Jump to content

semente

  • Content Count

    5019
  • Joined

  • Last visited

About semente

  • Rank
    Senior Member

Personal Information

  • Location
    Land of the Angles

Recent Profile Visitors

7437 profile views
  1. Thanks. Useful information in there. Here's another very pregnant White Paper on speakers that I wholly recommend: http://www.kef.com/uploads/files/THE_REFERENCE/REF_White_Paper_preview_path_200514.pdf
  2. Are you familiar with Geddes' work? You could have a go at the first "paper" called Directivity in Loudspeaker Systems http://www.gedlee.com/Papers/papers.aspx
  3. I was addressing Toole's wide-disperion design philosophy. Most domestic room are lightly treated if at all and in such cases wide dispersion is bad in my opinion and experience, more so in these tiny UK sitting rooms than in US king-sized lounges...
  4. You can't confuse normal conversation (production) with playback (re-production). If the cuses were captured by the recording reflection will just create confusion. I have little experience with headphones but I imagine that the best ones will produce very little in the way of reflections. But I agree that an anechoic room would be overkill to the point of making things sound bad. I've listened to both live unamplified and to reproduced music outdoors and it sounds weird.
  5. I listen mostly to classical music and from my experience I would deem a higher bit depth more important than a higher sample rate. What worries me about conversion to 16/44.1 is not losing the very low level information above 22kHz which I cannot hear an my speakers may not reproduce but the distortion introduced by filtering. This is the 3rd movement of Sibelius VC (Batiashvili - Sony 24/96), my high sample-rate recording with the highest frequency content; note that all information above 20kHz is at -90dB or below: Rock-pop, jazz and most other genres are close mic'ed so things get a lot busier at higher frequencies. Even though I do buy some jazz from time to time it's mostly from the 50s and 60s and I prefer not to spend money in High Res recordings of this genre. This is "Night And Day" from Bill Evan's album "Everybody Digs Bill Evans":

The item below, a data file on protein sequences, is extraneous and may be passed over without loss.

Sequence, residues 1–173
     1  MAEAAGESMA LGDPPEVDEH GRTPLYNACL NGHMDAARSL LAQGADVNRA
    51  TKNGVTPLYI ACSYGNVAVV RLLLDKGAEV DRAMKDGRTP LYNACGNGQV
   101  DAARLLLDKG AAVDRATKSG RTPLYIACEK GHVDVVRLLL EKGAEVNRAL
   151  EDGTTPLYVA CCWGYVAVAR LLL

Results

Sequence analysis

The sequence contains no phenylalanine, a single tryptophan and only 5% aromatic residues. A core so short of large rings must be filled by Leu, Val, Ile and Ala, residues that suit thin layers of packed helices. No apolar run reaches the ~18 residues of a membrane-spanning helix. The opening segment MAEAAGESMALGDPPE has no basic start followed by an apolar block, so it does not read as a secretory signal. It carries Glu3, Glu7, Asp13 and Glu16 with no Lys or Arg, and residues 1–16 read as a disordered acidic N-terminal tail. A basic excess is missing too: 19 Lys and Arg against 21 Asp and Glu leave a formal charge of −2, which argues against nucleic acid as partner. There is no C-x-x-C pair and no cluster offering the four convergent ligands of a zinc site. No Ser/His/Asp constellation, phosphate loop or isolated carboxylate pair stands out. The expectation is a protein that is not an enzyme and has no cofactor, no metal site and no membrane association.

6. I'm sorry to disapoint you but most of you are wrong. I was replying to Rexp. 😉 Regarding Redbook vs. High Res, this is where I stand: I will buy High Res if it's on sale and the price is close to that of the cheapest used CD/SACD version I can find. I won't go into the trouble of ripping the DSD layer of an SACD or the High-Res layer of a DVD-A (I only have one of the latter anyway, and it's a 1960 recording).
  7. If you haven't bough it yet, it's available with 50% off https://www.eclassical.com/labels/bis/beethoven-the-nine-symphonies-2.html?cache=purge
  8. Bright green is -100dB BTW.
  9. I was referring to this image and so was Rexp:
  10. Yes, it's that purple grass on the upper part of the graph. You can't hear purple grass. 😋
  11. They also reduce focus. A naked room is like a room full of mirrors:
  12. It would still be interesting to listen with the TV removed from the equipment stand, just to get an idea of how much difference it makes. I have a small TV and place a thick, heavy coat over it; this makes the sound (even) less tinny/tiring and improves imaging focus, almost as much as propping up the seat cushions to cover/dampen the early reflection areas of the side walls.
  13. semente

    Organ music

    These minimalist mic'ing recordings were made by Dorian before it was sold to Sono Luminus. Most sound usually very good and natural to me. I don't listen to a lot of organ music so I am not the best person to ask about performance but Guillou was a highly regarded musician and I really enjoy the Saint-Saens Symphony.
×
×
  • Create New...